It is hypothesized that North American red foxes either hybridized with Eurasian foxes in Beringia at the start of the last glaciation or merged with a Beringian population after the last Glaciation, and future work is needed to test between these scenarios and assess speciation.
Distribution of native and nonnative ancestry in red foxes along an elevational gradient in central Colorado
The red foxes (Vulpes vulpes) indigenous to the mountains of the western United States are high-elevation specialists that could face range reduction due to climatic warming, as well as potential
Genetic and morphometric evidence on a Galápagos Island exposes founder effects and diversification in the first‐known (truly) feral western dog population
DNA and morphometric data from 92 dogs tested the hypotheses that these dogs persisted independently of humans for up to a century and a half since descending from a handful of dogs introduced in the early 1800s, and genetic diversity patterns among the three island subpopulations were consistent with stepping‐stone founder effects.
Differentiation of North African foxes and population genetic dynamics in the desert—insights into the evolutionary history of two sister taxa, Vulpes rueppellii and Vulpes vulpes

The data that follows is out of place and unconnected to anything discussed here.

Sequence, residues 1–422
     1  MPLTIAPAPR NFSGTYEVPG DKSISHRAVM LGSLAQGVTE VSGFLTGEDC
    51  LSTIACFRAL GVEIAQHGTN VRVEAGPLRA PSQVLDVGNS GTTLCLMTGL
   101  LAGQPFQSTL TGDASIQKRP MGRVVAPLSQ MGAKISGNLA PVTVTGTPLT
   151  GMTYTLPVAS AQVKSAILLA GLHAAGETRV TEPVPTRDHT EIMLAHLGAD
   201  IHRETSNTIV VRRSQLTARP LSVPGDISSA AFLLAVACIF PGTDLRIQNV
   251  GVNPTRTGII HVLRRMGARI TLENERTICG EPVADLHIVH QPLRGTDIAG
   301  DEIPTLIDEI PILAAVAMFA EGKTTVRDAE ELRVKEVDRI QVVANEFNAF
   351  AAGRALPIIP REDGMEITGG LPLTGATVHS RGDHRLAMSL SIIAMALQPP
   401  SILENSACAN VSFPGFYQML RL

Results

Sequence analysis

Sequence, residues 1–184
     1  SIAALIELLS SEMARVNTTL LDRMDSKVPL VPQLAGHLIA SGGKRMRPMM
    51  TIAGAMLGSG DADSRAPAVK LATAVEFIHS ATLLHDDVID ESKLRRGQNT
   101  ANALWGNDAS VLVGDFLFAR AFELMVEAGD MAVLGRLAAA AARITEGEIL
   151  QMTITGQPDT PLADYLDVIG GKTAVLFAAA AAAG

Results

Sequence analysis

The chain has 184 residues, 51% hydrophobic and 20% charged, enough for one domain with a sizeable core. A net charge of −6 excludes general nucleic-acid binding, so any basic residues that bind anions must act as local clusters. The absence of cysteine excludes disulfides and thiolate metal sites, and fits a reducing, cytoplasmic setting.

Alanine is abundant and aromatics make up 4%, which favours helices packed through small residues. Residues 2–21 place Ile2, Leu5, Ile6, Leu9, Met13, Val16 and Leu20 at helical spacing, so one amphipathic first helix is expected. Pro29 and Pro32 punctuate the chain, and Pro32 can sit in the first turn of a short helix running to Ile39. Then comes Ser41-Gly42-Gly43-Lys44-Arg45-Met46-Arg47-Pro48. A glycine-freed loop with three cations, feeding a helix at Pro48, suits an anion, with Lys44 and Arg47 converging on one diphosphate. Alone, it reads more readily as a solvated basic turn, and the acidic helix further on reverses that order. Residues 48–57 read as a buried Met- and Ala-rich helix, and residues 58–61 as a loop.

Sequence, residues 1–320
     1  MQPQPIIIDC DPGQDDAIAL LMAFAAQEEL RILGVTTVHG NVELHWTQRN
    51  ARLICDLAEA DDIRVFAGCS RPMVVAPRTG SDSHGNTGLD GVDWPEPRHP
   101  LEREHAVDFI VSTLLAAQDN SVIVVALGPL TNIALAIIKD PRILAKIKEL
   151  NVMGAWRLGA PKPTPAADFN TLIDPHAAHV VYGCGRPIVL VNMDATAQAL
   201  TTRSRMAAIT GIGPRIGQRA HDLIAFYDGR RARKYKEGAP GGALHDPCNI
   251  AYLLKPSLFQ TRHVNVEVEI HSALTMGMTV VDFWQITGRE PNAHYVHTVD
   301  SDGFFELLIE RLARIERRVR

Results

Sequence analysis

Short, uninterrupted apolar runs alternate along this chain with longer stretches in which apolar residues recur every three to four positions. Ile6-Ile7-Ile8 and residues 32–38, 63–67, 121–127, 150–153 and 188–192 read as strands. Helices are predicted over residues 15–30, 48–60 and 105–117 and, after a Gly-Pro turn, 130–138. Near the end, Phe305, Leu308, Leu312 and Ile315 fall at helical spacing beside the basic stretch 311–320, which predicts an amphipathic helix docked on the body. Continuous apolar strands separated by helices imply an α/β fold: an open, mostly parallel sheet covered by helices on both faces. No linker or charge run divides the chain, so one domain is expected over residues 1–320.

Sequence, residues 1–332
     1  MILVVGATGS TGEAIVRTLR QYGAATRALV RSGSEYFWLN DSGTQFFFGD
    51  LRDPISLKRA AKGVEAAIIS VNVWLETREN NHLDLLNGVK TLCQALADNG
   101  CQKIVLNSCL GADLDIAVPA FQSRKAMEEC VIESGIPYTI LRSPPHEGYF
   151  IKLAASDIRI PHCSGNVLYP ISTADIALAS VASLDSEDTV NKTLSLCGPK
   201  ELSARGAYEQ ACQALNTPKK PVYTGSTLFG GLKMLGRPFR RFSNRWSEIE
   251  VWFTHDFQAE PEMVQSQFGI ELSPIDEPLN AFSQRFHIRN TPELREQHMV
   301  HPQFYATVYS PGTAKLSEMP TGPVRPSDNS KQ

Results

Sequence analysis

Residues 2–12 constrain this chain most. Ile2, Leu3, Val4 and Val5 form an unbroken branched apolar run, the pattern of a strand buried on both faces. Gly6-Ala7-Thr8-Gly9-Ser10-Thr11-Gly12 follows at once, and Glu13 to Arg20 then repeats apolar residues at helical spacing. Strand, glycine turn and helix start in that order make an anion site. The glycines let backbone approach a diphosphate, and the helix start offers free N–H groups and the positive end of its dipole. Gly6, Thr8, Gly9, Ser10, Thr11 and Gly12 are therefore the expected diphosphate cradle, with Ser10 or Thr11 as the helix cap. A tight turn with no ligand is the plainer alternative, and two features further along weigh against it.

Intriguing insights are unveiled on the genetic structure of carnivore species in North Africa, suggesting that further integrative research is needed.
Genetic Characteristics of Red Foxes In Northeastern Oregon
Findings show that both native and nonnative sources contributed to the Red Fox populations currently occupying this region, and Red Foxes in montane habitats of their former range in northeastern Oregon reflect predominantly native ancestry, whereas those in more lowland habitats outside the boundaries of theirFormer range represent a mix of native andnonnative ancestry.


Variable extent of hybridization between invasive sika (Cervus nippon) and native red deer (C. elaphus) in a small geographical area
It is argued that the pattern of differential introgression across the study area is primarily due to the rarity of hybridization events between the two species and the limited time the twospecies have been in contact, contrasts with the causes of classic mosaic hybrid zones.
Hybridization among Three Native North American Canis Species in a Region of Natural Sympatry
The results demonstrate that the factors driving introgressive hybridization in sympatric Texan Canis are multiple and complex, and density-dependent effects do not fully explain the observed pattern either.